Life’s a roller coaster… 

My surgery was scheduled for Thursday March 31st, 2016. I knew I would be there through the weekend and Monday would be the earliest they let me go home. That weekend was foggy. The morphine kept me asleep most of the time. When I was awake, I couldn’t wait to get back to sleep. This was convenient for the time being as I had a drainage tube stuck in the side of my neck that went straight across my throat under my skin. It was as uncomfortable as it sounds. The nurses were nice enough, though, they insisted they had to wake me up what felt like every hour to check my vitals and feed me some knew cup of pills that never appeared to have the same contents twice. Having my blood drawn was another game entirely, 3-4 times a day I was being poked. Then the news came, “Your calcium and magnesium levels are too low. You will be given four bags of calcium at two hours each and two bags of magnisum at one hour each all night.” I didn’t get much sleep that night. Every time a bag needed to be changed an alarm would sound and wake me from what little sleep I was getting. Receiving the calcium wasn’t so bad, it left me feeling cold mostly but, the magnisum kept me wide awake, it burned my IV site as it entered. The pain was unbareable. Bobby slept only six feet away so it took everything in my power to not scream in pain. I remained positive, “they will let me go soon” was consistently on my mind. Visitors came and went. Bobby stayed by my side as long as he could but come Tuesday he would have to get back to work and I so badly wanted to be home by the time he went back. My body continued to suck up the calcium but my levels never increased. I always suspected a calcium deffiencey but I never thought it would be this bad. Day after day I sat in that bed, walked the halls of the floor I was confined to, stared out the window all while being being poked, prodded and monitored. I would be lying to say I didn’t cry at times. This was test of endurence while being at my worst. Days past, my tube came out, my strength started to return, well most of it. As my strength started to regain I noticed my right arm, my dominant arm, remained weak… My frustration started to build with the pain that started to slowly work its way down my arm and through my shoulder. This was not part of the plan, I was not warned that this could happen, is it permanent, what do I do now? The pain grew with every remaining day I stayed in the hospital. Every day I remained there my anger and frustration grew. My pacience wore thin. I wanted to be home, free of tubes and IV’s. I wanted to be better, to get back to work, to feel normal. More days passed, my levels went up… And then back down… Lower then the before… I was never going to get to leave. They relocated my IV site, more fluids, more calcium, more, more, more. Bruises started to appear on the insides of my elbows from where they were pulling my blood. I started to give up on the idea of being able to leave anytime soon. The doctors changed my calcium intake. I would no longer be recieving calcium through my IV, instead they upped my oral dose. Four tabs of calcium three times a day totaling 2400 MG. That did the trick my body finally started responding. A few more days and a whole lot of waiting but I was finally released on April 7th, 2016 after 8 days that felt like an eternity.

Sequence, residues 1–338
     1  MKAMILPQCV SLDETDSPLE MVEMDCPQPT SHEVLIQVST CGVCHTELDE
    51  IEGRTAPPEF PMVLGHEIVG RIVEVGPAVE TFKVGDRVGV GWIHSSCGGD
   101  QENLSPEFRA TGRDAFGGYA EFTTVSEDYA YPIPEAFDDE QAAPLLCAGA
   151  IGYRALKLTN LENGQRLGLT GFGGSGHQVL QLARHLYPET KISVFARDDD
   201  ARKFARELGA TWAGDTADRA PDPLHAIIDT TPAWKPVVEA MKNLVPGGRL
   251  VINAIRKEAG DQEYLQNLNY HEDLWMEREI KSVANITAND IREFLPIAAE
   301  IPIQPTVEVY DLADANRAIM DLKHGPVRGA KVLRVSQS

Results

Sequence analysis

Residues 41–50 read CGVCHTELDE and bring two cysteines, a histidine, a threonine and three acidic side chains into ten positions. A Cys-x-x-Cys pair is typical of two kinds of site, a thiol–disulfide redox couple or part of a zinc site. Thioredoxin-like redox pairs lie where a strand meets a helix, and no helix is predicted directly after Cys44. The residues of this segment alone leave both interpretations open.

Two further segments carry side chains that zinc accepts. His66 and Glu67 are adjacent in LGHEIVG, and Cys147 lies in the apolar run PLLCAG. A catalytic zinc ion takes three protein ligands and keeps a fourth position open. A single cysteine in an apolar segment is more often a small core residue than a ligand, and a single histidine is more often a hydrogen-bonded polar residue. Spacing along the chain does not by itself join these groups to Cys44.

Thank you everyone who came to visit or sent me messages of encouragement, they kept my spirits up during a very trying time in my life.